Make us your home page
Instagram

Today’s top headlines delivered to you daily.

(View our Privacy Policy)

Obsessive-compulsive behavior common during holiday season

TAMPA — Elizabeth Glass remembers staying up all night wrapping presents, trying to make the holidays picture-perfect to meet her own imagined expectations.

The next morning, her husband made a flip comment about one of the gifts. Certain she had failed, Glass threw the family Christmas tree out the patio door.

Glass, 49, suffers from Post Traumatic Stress Disorder with Obsessive Compulsive Disorder. Her 14-year-old son also suffers from OCD and experiences heightened symptoms during the holiday season, though less so in recent years thanks to treatment, Glass said.

She wants people with anxiety disorders to know there are ways to cope.

"There's help out there," Glass said. "Now I don't stay in the house. I don't wallow in my head. I get better every year."

Obsessive Compulsive Disorder affects about 2.2 million American adults annually, according to the National Institute of Mental Health. Pressures associated with the holidays can worsen the condition and other anxiety disorders, as triggers become more intense and frequent, said Dr. Rahul Mehra, director of Mental Health Care, Inc. in Tampa.

"Even those of us not suffering from anxiety disorders put undue pressure on ourselves during the holidays," Mehra said. "Someone with OCD, a baseline anxiety condition, is likely going to be affected."

Mehra said symptoms of OCD include unwanted repetitive thoughts and compulsive behaviors. Examples include fear of contamination, fear of losing control, a desire for perfection, persistent negative thoughts, over-eating and under-eating.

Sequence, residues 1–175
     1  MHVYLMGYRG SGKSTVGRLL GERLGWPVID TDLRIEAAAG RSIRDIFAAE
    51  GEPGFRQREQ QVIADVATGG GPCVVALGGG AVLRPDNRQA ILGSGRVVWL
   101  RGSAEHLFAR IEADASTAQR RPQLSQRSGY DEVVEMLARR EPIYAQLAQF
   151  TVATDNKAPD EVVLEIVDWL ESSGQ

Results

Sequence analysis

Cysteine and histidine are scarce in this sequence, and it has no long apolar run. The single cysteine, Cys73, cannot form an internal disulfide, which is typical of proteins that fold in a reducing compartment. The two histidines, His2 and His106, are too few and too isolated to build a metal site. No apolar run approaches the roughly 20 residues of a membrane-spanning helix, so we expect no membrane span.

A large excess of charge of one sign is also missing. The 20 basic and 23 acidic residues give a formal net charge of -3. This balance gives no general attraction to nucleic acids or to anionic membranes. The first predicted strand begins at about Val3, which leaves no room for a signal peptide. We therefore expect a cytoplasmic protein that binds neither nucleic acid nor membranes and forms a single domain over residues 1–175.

Around the holidays, Mehra encourages patients to stay hydrated, avoid alcohol, get adequate sleep and have a full supply of medication prior to pharmacies closing for the holiday. He recommends OCD patients prepare themselves ahead of time for outings. For example, he suggests patients worried about contamination bring a disposable dish to a potluck.

"This time of year it's best to know what your triggers are and do what works best for you," Mehra said.

Christian Maurer, 25, was diagnosed with OCD in 2003 after he became obsessed with washing his hands. His triggers include germs and being around large groups of people. Maurer, of Brandon, said his symptoms can get worse near the holidays. He takes three anti-depressants daily and receives outpatient counseling through Mental Health Care, Inc. His fear of germs has lessened but he still experiences racing thoughts.

"With having family over, it's just too many people," he said. "Once in a while it's too much, and I go off by myself to calm down. I step out of the room for a little while."

Elizabeth Glass said loneliness used to be a trigger for her during the holidays.

She grew up in what she calls a dysfunctional home (her family history includes bipolar disorder) and since her divorce, her only family is her son. In the past, she turned to alcohol to stop herself from obsessing about negative thoughts. She battled a misconception that a less-than-ideal Christmas (the kind in television and movies) was unacceptable.

Now sober, she turns to Alcoholics Anonymous and counselors at the Panos Center, a mental health center near her home in eastern Hillsborough. She takes anxiety medication. To quiet her mind, she focuses on volunteering and meditating rather than shopping and sending cards to acquaintances.

Glass will attend Christmas Eve service at Unity Church in Tampa, then spend Christmas Day at home with her son and their pug, Charlie Bear.

"Getting out of isolation is important," Glass said.